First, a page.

Guiliani stumps in Bradenton listen01/14/08 Mitch E. Perry
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Republican Presidential candidate Rudy Guiliani is holding a Town Hall meeting in Clearwater at this hour. Later, he’ll make an appearance in Lakeland.
It’s one of six campaign stops Guiliani is making in the Sunshine state, part of a 700-mile bus tour that will end tomorrow in Florida.
On Saturday, Guiliani made two appearances on the Gulf Coast. The first was late Saturday afternoon in Bradenton, where an overflow crowd of over 500 people packed into the Senior Enrichment Center.
Guiliani used a hankerchief to frequently dry himself in the hot ballroom. He appeared on stage approximately 15 minutes later than the scheduled starting time.
Although new surveys indicate that the struggling U.S. economy has now superceded all other issues, including Iraq, as the most important one for voters, Guiliani, didn’t spend that much time discussing it, other than mentioning his tax cutting plans, where he says he will deliver the biggest cut in U.S. history.
Instead, Guiliani repeatedly brought much of his discussion, and his subsequent question and answer session, back to Sept. 11, 2001, when New York City was attacked.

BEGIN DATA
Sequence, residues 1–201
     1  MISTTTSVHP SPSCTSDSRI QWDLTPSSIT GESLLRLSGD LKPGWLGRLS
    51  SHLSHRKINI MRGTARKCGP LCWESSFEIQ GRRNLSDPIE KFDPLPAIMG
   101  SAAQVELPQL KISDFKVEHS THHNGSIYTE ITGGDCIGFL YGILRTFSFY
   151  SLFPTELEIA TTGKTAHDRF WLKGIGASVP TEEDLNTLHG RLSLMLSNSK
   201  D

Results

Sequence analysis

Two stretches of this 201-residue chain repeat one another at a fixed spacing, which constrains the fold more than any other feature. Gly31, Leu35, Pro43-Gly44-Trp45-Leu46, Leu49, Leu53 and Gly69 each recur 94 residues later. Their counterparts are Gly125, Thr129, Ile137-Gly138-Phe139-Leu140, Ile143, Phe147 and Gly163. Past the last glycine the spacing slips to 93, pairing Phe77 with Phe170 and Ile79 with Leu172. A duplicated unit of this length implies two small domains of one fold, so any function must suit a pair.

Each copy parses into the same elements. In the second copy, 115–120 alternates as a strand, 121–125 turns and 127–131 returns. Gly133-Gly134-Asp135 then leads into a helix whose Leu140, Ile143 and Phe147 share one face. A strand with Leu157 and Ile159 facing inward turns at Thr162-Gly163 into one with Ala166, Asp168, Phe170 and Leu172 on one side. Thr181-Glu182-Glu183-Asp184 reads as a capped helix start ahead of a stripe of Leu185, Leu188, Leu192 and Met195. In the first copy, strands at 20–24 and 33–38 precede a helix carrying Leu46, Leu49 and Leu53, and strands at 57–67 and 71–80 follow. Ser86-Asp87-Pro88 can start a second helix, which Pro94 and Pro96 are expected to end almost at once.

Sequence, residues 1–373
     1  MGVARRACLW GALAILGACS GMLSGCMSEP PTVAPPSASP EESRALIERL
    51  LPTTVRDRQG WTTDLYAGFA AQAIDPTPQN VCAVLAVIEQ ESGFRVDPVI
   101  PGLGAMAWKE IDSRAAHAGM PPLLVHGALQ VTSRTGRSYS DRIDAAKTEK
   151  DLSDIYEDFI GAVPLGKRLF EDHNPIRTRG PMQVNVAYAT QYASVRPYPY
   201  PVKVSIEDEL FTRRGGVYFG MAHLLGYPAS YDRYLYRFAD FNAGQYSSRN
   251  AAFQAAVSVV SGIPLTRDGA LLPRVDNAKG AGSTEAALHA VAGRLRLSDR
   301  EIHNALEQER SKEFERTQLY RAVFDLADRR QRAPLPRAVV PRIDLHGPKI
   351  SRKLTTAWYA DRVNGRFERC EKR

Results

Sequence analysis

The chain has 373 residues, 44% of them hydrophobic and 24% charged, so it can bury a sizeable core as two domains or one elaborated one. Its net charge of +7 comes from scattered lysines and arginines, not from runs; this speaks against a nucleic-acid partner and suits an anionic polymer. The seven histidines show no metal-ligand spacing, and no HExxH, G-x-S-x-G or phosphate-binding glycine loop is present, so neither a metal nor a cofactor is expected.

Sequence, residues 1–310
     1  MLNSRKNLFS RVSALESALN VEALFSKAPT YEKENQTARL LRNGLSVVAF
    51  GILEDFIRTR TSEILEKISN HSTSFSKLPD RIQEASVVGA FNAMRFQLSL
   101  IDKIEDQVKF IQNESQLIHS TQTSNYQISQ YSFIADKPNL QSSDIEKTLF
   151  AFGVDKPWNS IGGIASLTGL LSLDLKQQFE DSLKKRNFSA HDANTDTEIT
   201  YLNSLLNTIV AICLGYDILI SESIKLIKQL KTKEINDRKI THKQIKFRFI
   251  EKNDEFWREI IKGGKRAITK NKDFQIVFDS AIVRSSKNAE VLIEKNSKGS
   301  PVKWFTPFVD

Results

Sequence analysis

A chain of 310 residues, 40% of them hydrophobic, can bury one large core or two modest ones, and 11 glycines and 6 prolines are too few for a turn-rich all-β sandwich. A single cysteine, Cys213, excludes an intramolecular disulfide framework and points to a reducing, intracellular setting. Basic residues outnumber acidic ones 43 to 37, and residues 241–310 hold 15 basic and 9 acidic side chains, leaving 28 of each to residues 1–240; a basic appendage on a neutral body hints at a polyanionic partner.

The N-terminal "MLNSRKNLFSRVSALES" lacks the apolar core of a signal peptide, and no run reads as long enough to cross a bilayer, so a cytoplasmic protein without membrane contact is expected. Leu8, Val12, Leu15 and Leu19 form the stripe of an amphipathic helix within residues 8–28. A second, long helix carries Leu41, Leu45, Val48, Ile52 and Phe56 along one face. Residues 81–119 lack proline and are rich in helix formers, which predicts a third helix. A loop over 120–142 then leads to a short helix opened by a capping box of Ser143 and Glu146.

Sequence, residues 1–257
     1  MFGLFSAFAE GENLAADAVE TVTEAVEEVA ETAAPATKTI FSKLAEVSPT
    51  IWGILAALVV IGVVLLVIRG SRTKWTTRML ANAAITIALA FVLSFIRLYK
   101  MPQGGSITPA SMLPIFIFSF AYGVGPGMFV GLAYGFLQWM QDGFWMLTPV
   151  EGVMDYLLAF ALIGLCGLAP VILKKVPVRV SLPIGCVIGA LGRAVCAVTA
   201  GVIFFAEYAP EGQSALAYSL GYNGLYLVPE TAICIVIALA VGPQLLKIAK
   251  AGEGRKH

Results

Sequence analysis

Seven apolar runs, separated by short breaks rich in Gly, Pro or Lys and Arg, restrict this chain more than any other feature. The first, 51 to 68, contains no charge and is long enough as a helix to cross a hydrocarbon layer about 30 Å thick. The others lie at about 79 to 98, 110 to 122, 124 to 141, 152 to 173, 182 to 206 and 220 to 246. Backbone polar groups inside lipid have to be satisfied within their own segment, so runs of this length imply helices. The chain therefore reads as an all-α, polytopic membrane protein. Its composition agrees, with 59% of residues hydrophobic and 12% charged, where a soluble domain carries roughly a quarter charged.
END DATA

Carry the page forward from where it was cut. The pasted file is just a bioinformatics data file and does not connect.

Guiliani then took several minutes to discuss why he was tested and ready now to lead.
Local attorney and independent voter John Lakin wasn’t satisfied. Lakin said Guiliani did not respond to the part of his question on how he would bridge the partisan divide. Lakin also said Guiliani was over the top when discussing tort reform.
Nancy Hill’s son Christopher served in Iraq, and will soon be deployed to Afghanistan. Her voice quivering, she asked Guiliani his thoughts on U.S. involvement there.
A middle aged woman from New York asked Guiliani if he believed that public service of some sort should be mandatory. He said no, and said it was a good thing that there was not a military draft attached to the current conflicts in Iraq and Afghanistan.
In his stump speech, which lasted less than 15 minutes, Guiliani played with one of the defining words of the 2008 election - change. He said some change could be good, but said it depended on who was calling for that. He then used health care as an example of where change would be bad.
Also at his appearance in Bradenton, Guiliani again said that he supports some type of federal backstop to spread insurance risks associated with hurricanes and natural disasters.